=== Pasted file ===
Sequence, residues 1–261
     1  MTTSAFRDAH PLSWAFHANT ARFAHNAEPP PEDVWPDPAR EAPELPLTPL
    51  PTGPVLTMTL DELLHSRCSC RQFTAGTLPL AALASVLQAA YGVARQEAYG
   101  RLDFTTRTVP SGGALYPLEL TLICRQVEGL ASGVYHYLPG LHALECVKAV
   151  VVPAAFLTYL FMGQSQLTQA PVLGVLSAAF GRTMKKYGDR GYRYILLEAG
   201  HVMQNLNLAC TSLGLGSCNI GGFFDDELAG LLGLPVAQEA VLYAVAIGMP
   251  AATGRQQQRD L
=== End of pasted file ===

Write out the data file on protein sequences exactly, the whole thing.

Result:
Sequence, residues 1–261
     1  MTTSAFRDAH PLSWAFHANT ARFAHNAEPP PEDVWPDPAR EAPELPLTPL
    51  PTGPVLTMTL DELLHSRCSC RQFTAGTLPL AALASVLQAA YGVARQEAYG
   101  RLDFTTRTVP SGGALYPLEL TLICRQVEGL ASGVYHYLPG LHALECVKAV
   151  VVPAAFLTYL FMGQSQLTQA PVLGVLSAAF GRTMKKYGDR GYRYILLEAG
   201  HVMQNLNLAC TSLGLGSCNI GGFFDDELAG LLGLPVAQEA VLYAVAIGMP
   251  AATGRQQQRD L